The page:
February 7, 2009

Public input sought on relocating desert tortoises for military training center project

An analysis says coyotes caused most of the deaths of desert tortoises during a relocation effort. Frank Bellino / The Press-Enterprise

The Press-Enterprise

The federal government is asking for the public's help in deciding how best to relocate desert tortoises to make way for expansion of Fort Irwin Army training center near Barstow.

The effort to move the tortoises to new territory was suspended last fall when at least 90 of the 556 tortoises died after they were relocated. Most of those were killed by coyotes. Of those that survived, some returned to their home range on military property.

Now the U.S. Bureau of Land Management and Fort Irwin National Training Center have announced a "scoping period" ending Feb. 18 to hear the public's suggestions on what issues should be addressed before tortoises are again moved from Fort Irwin expansion areas.

A new relocation plan is expected to be done by spring, an ideal time to relocate tortoises, according to a BLM news release.

A recent analysis by Nevada-based biologists for the U.S. Geological Survey found that coyotes were killing tortoises at several locations in California and Nevada because drought had left little other prey available, said Roy C. Averill-Murray, desert tortoise recovery coordinator for the U.S. Fish and Wildlife Service.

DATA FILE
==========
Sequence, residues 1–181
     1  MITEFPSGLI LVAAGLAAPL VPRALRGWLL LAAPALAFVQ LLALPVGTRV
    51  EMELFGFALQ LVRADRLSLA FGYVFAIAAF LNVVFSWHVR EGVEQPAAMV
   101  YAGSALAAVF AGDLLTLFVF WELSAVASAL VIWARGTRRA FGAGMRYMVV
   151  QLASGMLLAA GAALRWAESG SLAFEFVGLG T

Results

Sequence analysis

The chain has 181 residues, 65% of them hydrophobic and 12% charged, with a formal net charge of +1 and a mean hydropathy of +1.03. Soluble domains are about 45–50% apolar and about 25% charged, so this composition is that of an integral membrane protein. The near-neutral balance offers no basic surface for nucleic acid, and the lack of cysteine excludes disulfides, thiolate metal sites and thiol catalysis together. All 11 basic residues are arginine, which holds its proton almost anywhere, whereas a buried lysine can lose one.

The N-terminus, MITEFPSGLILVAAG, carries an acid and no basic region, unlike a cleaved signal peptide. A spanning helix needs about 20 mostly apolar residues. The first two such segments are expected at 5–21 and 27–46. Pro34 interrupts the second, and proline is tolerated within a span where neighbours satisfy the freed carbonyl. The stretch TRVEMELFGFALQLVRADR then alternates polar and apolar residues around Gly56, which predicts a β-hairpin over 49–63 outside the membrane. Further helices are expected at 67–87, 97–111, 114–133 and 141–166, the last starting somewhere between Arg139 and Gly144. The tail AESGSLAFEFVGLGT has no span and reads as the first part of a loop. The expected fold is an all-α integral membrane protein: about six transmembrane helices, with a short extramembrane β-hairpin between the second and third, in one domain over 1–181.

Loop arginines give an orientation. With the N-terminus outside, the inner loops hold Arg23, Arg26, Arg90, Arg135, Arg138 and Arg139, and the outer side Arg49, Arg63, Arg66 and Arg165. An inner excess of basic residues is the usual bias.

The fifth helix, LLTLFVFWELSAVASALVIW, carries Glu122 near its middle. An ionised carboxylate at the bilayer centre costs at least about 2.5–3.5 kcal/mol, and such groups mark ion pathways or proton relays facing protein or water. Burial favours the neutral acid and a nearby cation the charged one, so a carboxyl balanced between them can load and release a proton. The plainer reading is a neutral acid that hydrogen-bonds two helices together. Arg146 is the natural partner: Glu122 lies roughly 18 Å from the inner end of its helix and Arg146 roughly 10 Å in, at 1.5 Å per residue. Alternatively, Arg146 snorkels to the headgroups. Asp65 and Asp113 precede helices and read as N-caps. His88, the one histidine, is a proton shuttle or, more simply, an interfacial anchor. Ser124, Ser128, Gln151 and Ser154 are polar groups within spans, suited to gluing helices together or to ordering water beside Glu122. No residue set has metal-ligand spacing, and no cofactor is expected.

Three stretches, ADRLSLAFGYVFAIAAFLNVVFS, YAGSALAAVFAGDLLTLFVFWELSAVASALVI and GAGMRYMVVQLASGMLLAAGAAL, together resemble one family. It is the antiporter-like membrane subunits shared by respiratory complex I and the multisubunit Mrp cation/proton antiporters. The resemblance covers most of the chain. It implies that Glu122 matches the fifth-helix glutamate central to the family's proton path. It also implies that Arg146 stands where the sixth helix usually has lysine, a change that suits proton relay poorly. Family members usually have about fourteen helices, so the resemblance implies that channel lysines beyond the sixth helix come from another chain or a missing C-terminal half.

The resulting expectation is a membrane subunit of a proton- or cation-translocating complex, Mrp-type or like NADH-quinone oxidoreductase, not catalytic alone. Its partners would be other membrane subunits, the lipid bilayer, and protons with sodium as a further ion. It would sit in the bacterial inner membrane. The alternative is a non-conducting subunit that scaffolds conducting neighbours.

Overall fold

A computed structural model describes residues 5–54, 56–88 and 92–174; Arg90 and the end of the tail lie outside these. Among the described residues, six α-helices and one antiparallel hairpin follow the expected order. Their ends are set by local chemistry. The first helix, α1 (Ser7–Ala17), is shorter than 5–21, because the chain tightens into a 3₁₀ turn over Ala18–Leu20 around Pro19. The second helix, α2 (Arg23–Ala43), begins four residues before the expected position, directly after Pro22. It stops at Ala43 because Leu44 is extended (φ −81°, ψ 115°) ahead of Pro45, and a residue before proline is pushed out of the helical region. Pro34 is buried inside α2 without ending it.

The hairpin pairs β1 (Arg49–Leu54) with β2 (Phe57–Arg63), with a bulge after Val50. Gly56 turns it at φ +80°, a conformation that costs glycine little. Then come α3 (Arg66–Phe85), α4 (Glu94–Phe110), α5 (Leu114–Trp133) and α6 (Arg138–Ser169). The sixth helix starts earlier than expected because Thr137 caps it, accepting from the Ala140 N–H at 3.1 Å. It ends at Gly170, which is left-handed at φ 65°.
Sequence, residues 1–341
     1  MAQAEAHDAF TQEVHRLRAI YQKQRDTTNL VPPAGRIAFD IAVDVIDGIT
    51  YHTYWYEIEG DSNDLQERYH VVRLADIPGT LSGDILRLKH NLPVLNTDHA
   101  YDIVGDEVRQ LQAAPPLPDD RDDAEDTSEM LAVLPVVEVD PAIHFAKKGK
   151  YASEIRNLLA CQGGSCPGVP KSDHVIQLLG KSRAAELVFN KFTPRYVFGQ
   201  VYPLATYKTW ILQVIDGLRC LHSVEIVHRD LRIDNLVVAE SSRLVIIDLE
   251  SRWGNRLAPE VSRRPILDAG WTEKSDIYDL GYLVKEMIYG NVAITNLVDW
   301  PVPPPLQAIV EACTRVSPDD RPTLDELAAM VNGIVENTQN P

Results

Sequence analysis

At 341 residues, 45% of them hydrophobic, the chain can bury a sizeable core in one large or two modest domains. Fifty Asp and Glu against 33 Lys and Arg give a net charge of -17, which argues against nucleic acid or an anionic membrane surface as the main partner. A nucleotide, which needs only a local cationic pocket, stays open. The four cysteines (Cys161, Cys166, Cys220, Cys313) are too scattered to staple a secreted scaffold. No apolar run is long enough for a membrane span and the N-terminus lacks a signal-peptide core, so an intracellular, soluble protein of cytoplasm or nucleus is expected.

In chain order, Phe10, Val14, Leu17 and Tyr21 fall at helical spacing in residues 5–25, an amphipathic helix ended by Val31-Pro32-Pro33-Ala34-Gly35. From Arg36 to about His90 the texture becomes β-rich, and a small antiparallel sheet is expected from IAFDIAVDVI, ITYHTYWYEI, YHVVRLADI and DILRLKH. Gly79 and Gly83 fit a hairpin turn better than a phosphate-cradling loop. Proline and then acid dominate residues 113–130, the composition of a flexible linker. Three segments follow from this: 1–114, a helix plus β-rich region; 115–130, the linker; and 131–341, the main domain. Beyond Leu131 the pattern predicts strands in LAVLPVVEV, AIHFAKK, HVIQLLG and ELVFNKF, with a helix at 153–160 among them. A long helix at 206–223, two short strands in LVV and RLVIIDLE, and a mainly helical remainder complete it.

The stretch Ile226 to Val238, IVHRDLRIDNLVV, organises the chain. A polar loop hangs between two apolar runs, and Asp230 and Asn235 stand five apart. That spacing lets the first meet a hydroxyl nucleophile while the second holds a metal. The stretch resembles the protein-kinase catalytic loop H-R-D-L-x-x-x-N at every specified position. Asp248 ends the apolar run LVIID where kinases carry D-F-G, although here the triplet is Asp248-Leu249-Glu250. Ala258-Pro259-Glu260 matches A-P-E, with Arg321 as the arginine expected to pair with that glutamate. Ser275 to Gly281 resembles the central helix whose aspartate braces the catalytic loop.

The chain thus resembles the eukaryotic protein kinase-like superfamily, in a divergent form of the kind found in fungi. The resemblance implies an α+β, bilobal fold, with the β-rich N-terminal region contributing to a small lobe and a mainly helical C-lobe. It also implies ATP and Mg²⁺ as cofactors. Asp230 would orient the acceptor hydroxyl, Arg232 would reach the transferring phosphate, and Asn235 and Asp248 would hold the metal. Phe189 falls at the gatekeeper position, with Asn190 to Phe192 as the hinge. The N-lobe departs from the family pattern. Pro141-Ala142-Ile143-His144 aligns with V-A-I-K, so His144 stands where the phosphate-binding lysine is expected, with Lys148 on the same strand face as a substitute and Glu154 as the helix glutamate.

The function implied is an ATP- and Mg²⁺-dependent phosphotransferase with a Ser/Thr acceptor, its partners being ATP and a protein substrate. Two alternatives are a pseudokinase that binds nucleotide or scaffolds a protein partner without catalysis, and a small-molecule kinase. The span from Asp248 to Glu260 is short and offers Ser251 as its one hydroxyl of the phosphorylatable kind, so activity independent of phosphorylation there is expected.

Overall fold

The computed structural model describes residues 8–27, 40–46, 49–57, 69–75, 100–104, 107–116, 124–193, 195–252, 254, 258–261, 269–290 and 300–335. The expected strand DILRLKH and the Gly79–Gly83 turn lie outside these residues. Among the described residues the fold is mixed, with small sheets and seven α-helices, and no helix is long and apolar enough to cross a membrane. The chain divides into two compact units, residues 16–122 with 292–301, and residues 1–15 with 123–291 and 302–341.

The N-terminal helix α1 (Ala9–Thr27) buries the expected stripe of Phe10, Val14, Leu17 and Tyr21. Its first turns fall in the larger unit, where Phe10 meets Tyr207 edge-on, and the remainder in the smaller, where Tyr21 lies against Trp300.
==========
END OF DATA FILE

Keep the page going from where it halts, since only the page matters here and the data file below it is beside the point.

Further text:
The tortoise deaths last year near Fort Irwin "absolutely had nothing to do with the relocation," Averill-Murray said in a telephone interview from his office in Reno.

The U.S. Geological Survey analysis of tortoise deaths is expected to be presented at a symposium in Nevada later this month. The researchers who did the study could not be reached Thursday.

Ileene Anderson, a Los Angeles-based biologist for the Center for Biological Diversity, an environmental organization, said she wants to learn more about the U.S. Geological Survey analysis but added that relocated tortoises were easy targets for coyotes.

Tortoises have natural homing instincts, she said, and many tried to head back to the military property after they were moved. As they traveled, the tortoises had no burrows in which to find refuge from coyotes, she said.

Another concern is disease. The Center for Biological Diversity and Desert Survivors, another environmental group, sued the BLM and the Army last year, saying relocated tortoises were exposed to diseased animals and placed in inferior habitat.

Nearly 2,000 tortoises have been targeted for removal from land that Fort Irwin is taking over for military exercises. The species is listed as threatened with extinction.

An environmental analysis, expected to be published early next month, is being developed by the U.S. Geological Survey with input from the California Department of Fish and Game, BLM, U.S. Army and U.S. Fish and Wildlife Service.

Moving Tortoises

What: Public comments and suggestions are being sought on plans to relocate desert tortoises from military property to public land in the desert.

How: Send written comments to BLM Barstow Field Office, Attention: Mickey Quillman, 2601 Barstow Road, Barstow, CA 92311. Comments also can be faxed to 760-252-6099 or e-mailed to mquillma@ca.blm.gov.